Moral norm was the second determinant of relative importance in the modeling of intention, in conformity with one of the hypotheses advanced. To date, use of the moral norm among symptomatic populations had been rather limited. In fact, to our knowledge, only one study has explored this determinant among individuals suffering from heart disease and results pointed to a non-significant contribution to the modeling of intention . In the case of individuals with type 2 diabetes, the results of this study suggest that the feeling of moral obligation to engage in physical activities on a regular basis is a significant component of the decision to take action. From a practical standpoint, instilling greater motivation to regularly practice physical activities through the development of an educational message based on moral norm poses a dual challenge. First, contrary to perceived behavioral control for which the TPB offers guidelines on the definition of content of educational messages by targeting control beliefs, guidelines defining content targeting moral norm are rather limited. Indeed, in his theory of interpersonal behavior, Triandis  provides a rather vague idea of this construct without specifying its nature or dimensions (quoted by Blondeau et al. ). Likewise, Jackson et al.  also point to the challenge of defining the content of educational messages within acceptable ethical boundaries. For example, when promoting the regular practice of physical activity, developing a message based on «victim-blaming » would be contrary to ethical principles.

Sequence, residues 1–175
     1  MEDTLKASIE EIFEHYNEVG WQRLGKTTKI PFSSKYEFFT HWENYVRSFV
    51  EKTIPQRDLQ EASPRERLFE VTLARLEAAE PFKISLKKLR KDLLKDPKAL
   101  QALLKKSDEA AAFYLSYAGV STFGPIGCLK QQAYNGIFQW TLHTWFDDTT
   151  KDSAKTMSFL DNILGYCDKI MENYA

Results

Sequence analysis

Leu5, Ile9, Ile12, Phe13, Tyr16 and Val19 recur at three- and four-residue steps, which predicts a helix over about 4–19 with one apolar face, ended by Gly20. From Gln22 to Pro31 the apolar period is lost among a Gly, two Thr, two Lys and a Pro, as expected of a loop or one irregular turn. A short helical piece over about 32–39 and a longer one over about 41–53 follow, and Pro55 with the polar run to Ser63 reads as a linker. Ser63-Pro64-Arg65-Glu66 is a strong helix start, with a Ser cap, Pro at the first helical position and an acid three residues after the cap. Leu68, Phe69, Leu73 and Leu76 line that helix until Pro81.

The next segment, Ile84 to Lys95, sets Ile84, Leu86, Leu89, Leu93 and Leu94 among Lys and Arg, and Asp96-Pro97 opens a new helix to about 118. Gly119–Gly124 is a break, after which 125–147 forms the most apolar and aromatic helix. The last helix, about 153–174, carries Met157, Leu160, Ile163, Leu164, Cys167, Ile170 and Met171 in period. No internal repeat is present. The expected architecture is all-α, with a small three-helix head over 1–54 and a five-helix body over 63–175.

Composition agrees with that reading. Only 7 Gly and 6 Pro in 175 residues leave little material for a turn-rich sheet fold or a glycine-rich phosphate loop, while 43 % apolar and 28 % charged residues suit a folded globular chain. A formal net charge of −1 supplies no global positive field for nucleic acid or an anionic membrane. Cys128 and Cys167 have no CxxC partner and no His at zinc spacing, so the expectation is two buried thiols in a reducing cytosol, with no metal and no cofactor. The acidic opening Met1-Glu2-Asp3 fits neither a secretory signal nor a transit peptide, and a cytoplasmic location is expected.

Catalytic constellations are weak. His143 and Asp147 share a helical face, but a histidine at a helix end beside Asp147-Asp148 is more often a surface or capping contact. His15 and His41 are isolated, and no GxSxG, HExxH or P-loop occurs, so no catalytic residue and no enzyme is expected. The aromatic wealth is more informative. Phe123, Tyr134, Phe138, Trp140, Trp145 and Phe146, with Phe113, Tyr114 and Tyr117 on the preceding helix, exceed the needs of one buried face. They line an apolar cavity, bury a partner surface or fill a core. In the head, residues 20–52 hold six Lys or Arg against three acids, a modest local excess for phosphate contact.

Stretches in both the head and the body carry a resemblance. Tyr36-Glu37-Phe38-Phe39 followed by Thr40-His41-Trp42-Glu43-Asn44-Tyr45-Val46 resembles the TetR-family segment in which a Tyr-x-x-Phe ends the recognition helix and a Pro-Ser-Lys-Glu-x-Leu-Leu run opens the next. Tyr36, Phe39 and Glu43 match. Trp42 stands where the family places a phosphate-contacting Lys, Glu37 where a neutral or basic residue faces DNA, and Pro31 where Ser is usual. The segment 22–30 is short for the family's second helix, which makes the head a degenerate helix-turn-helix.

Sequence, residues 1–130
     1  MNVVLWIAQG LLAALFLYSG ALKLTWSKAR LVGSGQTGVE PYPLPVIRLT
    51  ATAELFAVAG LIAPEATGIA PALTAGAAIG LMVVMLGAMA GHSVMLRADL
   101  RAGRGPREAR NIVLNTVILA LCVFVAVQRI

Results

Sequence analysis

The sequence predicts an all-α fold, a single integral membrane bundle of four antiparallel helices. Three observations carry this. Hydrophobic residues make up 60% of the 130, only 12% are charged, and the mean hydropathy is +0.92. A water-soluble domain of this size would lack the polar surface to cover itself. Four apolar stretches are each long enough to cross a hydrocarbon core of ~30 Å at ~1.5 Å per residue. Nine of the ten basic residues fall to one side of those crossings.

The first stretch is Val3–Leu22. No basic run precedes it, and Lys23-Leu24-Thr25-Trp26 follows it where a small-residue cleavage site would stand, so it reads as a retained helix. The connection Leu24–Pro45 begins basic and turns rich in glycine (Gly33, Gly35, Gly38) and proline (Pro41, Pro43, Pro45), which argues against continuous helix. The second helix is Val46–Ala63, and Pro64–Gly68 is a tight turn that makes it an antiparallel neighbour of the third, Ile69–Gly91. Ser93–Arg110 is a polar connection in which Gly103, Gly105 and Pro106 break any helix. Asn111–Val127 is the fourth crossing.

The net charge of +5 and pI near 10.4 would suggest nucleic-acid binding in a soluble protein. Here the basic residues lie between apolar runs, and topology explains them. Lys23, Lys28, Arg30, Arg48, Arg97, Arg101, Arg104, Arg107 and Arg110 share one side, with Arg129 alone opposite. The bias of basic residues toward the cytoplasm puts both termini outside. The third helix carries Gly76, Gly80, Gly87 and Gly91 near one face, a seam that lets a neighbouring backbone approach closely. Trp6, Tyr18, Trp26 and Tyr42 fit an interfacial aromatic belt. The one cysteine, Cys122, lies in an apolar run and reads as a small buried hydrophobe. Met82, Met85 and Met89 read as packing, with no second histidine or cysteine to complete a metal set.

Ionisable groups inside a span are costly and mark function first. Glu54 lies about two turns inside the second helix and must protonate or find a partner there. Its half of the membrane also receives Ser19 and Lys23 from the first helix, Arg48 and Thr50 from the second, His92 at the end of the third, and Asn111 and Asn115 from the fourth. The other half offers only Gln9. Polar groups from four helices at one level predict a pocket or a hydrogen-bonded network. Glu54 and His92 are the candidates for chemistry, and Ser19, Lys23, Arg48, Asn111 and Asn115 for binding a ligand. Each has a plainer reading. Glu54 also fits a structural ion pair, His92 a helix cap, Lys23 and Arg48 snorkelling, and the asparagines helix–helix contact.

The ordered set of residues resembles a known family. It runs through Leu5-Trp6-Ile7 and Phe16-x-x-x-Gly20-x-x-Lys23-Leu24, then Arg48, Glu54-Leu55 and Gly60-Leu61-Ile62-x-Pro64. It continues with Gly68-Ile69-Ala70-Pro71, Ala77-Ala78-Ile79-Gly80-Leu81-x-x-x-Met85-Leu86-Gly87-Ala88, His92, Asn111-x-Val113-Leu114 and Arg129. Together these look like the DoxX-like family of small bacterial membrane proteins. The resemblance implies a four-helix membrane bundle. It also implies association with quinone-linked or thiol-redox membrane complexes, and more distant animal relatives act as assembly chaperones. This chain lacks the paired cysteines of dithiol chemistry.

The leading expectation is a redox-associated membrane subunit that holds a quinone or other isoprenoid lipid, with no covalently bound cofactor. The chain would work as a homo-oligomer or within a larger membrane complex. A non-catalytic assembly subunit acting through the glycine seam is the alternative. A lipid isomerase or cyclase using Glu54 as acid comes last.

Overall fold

Based on the preceding, one avenue to explore to ensure the proper development of an educational message is the premise that moral norms are rooted in social norms, and when these norms become strongly anchored within a person's psyche, they have an impact on behavior irrespective of the immediate social context . Concretely, since health professionals treating individuals suffering from diabetes often recommend physical activity , it is plausible that such recommendations might become interiorized within a certain time. Thus, the feeling of moral obligation to adopt the behavior might emerge, regardless of the immediate social context.
Although the contribution of attitude was moderate in the modeling of intention, it warrants consideration, nonetheless, in the development of an intervention. Research conducted among individuals with heart disease also reported a moderate but significant contribution of this determinant in the modeling of intention [38, 39]. On the other hand, based on results observed for Canadians with type 2 diabetes  and different types of cancer [45, 51–54], a more important contribution of attitude was reported. In this study, the moderate contribution of attitude may be explained by the fact that the participants were well aware of the advantages of regular physical activity associated with a disease such as type 2 diabetes. A review of the scores recorded on the attitude scale (scale of 1 to7) for participants with a weak (M = 4.94) or strong (M = 6.34) (data not shown) intention tends to support the explanation offered. This acknowledgement of an understanding of the beneficial effects of physical activity among individuals with type 2 diabetes has also been observed elsewhere [13, 23, 55].